“In earnest, we start at this year’s fair as we are walking around seeing what’s selling, what’s not, what’s on trend,” says Shimp, who is the co-owner of Blue Plate and runs its Blue Barn location at the State Fair. Around the end of September, Blue Plate’s crew of food-smiths will meet for a new food brainstorming session.
 
A couple months later, in November, the State Fair will reach out to vendors to re-register—a move that Larson believes gets everyone into the mindset of creating their new food submissions.
 
By late January or February, Shimp and her team tend to regroup to begin generating first drafts of their food concepts. “We’ll spitball ten to 20 ideas and start a little research and development,” she says. “We usually narrow it down by March to four or five things and then we’ll do heavy R&D on those.”
 
Key to the research and development phase, Shimp says, is sourcing the ingredients needed to build the dish. Not having a Plan B for gathering materials if a new food becomes a mega hit can otherwise spell disaster.
 
“One year we sold 15,000 candied bacon BLTs after we had spec’d that we would sell only 3,000,” Shimp recalls. “Here’s how it went: The Fair opens on a Thursday and by Saturday night at 6 p.m. we had sold all 3,000 orders of that candied bacon BLT. So we had to beg Franklin Street Bakery to fire up the ovens and make the specialty bun they made for us while at the same time we cleared out every piece of this particular bacon by Hormel in the tri-state area—literally, the tri-state area.”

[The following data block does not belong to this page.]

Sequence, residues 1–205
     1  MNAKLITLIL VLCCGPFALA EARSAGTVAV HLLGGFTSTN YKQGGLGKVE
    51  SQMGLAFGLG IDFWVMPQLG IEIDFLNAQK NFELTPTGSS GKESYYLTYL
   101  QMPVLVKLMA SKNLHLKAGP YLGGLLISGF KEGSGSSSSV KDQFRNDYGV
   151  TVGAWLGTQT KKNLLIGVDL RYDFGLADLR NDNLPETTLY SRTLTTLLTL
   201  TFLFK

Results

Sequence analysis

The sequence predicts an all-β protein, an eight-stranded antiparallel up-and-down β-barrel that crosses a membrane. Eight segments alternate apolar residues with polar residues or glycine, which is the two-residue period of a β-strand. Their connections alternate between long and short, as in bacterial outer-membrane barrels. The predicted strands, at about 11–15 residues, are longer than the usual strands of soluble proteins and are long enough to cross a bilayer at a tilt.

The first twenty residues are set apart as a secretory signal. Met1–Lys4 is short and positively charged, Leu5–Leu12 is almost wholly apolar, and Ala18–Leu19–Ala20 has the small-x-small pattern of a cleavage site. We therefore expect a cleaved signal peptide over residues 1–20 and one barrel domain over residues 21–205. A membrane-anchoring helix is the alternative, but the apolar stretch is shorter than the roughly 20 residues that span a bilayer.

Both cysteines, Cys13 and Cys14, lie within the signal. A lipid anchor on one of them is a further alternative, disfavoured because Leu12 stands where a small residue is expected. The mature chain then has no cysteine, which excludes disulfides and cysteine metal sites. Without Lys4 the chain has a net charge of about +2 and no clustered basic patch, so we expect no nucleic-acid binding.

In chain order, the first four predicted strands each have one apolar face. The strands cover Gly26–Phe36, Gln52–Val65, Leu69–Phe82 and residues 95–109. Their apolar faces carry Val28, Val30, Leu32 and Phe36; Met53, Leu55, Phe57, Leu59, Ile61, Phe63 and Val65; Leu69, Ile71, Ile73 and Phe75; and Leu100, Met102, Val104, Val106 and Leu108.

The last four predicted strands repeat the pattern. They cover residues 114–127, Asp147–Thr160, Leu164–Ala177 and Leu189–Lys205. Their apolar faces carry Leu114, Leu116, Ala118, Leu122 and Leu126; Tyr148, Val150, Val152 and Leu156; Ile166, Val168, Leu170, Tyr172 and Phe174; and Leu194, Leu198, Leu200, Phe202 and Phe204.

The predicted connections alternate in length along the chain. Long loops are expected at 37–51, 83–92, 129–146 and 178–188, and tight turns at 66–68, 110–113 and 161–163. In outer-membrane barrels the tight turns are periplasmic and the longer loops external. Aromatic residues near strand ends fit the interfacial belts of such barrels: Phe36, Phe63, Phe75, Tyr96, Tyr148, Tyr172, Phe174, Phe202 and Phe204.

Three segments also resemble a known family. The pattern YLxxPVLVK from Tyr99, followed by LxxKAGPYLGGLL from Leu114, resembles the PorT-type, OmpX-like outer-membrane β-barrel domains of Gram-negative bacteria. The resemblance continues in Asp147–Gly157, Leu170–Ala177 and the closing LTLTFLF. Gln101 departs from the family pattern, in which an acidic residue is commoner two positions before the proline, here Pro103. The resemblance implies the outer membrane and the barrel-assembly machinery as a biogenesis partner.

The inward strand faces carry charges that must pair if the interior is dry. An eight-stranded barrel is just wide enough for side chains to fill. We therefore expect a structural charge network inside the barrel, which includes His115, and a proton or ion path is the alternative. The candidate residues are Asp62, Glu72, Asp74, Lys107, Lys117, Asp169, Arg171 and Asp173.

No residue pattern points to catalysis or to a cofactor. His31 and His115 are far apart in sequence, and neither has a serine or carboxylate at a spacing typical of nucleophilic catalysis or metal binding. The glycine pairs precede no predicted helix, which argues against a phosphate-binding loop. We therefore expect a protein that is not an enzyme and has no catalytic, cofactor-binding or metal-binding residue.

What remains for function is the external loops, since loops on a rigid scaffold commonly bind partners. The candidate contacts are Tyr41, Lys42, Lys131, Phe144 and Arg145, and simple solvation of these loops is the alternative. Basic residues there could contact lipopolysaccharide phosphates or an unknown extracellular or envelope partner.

As impossible as it can be to anticipate demand, having a plan to meet its potential is often the difference between a successful State Fair experience and a major flop.
 
“You have 12 days, and every day at the Fair is like a month’s worth of business,” says Shimp. “So if you screw up a day, you’ve screwed up a whole month’s worth of revenue.”
 
Speed of assembly is just as crucial a detail. Shimp says Blue Barn aims to have every item on its menu delivered within a minute of being ordered. At the same time, the food can’t be sloppily crafted as every item should be Instagrammable, adds Shimp.
 
“Then by March and April, that’s really about tasting the food,” she says. “How does it hold up? Can it sit in a window for three minutes? What’s it taste like after ten minutes?”
 
This is all in preparation for a May 1 deadline to submit each new food to the State Fair. Notably, this year, Blue Barn also submitted bacon-stuffed tots as a new food to the State Fair, but only its Swedish Meatball Smörgås made the final cut.


Blue Barn's bacon-stuffed tots and its Swedish Meatball Smörgås. (Photo courtesy of Mpls St. Paul magazine)
 
Despite only half of its submissions making the official new foods list—which will be available to grab at information booths around the fairgrounds—Blue Barn will still be promoting both of its new items on social media.
 
Says Shimp: “It’s still worthy of our attention internally and to the extent that we will tell fairgoers through our own channels.”